Besides the greening of Seoul in recent years another major change to the city is the restoration of various historical sites in particularly the walls around Seoul which is something I have been a supporter of for many years:
From Gwanghwamun Square to Seoul Station and the new City Hall, the city has been home to many restoration and development projects in recent years at a number not seen since the Park Chung Hee administration.
In the 1970s, the dictator restored historic structures by arguing that they were related to the important issue of national defense.
But in the ensuing decades that brought regime changes and tumultuous democratization movements, preservation efforts simply weren’t a priority for the government or everyday people.
Its efforts are buoyed by increased awareness of cultural properties and the recent Unesco recognition of several Korean heritage sites, including the royal tomb in 2009, as well as by the return of stolen relics, like the case of the Uigwe royal protocol books last year.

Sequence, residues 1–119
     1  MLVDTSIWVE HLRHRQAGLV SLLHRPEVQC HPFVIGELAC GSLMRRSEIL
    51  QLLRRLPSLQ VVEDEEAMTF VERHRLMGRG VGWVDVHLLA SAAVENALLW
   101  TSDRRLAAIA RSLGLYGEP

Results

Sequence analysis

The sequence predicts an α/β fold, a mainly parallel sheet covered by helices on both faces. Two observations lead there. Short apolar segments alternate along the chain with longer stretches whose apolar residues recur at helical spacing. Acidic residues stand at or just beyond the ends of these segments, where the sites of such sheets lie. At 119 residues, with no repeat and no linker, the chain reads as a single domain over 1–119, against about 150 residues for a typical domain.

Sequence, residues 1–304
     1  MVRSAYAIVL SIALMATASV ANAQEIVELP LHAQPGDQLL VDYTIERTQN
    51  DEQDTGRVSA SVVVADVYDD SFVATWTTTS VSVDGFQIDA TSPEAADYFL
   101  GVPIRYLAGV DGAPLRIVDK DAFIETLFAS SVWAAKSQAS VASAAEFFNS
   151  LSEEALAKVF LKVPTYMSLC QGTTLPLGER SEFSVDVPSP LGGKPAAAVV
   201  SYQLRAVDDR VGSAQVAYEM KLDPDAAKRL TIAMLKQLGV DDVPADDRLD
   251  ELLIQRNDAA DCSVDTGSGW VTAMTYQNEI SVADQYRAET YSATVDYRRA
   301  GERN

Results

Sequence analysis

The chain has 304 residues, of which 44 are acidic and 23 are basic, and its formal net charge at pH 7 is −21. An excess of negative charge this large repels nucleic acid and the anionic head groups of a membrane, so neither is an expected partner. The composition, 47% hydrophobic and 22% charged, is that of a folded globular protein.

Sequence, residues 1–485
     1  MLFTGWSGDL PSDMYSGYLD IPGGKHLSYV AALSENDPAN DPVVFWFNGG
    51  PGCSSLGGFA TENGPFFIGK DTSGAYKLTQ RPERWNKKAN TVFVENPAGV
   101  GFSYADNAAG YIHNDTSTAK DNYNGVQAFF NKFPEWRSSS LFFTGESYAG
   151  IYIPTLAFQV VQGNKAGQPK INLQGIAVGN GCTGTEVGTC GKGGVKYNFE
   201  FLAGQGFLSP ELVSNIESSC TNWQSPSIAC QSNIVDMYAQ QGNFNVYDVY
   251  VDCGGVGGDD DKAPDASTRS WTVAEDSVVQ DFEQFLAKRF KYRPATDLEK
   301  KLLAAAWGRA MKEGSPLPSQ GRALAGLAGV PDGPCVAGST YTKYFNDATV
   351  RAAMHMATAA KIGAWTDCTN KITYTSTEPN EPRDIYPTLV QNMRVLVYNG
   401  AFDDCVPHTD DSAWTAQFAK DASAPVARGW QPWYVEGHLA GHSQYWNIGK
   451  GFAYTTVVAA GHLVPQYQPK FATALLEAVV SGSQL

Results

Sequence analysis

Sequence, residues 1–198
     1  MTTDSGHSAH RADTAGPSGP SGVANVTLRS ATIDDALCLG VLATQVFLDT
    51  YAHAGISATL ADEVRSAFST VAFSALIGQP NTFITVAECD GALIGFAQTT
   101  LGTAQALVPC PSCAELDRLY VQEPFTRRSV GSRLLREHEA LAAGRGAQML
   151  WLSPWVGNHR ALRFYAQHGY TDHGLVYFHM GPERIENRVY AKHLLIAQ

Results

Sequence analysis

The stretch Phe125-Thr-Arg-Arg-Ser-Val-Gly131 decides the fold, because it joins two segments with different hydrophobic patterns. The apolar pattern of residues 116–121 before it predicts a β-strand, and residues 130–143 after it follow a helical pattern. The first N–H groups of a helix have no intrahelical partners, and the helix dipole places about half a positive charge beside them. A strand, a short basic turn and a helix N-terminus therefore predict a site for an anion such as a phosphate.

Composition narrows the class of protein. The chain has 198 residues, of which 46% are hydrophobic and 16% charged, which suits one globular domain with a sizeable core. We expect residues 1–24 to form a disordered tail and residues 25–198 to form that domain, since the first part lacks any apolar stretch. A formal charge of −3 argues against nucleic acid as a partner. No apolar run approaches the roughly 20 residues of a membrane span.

Early this month, the government announced that it will continue such initiatives by restoring the Seoul wall by 2015.
“Korea is the only existing castle city in the world,” Mayor Park Won-soon said. “With the restoration, the Seoul wall will be a place of pride and an attraction for foreign tourists.” [Joong Ang Ilbo]
You can read much more about the restoration of the various historic sites at the link. I have always felt that the Seoul government should restore the old fortress walls in order to give the city a unique feature unlike any other major city in Northeast Asia to make it stand out. As it is right now there is no feature of Seoul that pops to mind that international tourists would want to see. The fortress walls would definitely be a unique attraction especially if it becomes a popular thing to hike the length of the walls while visiting the country.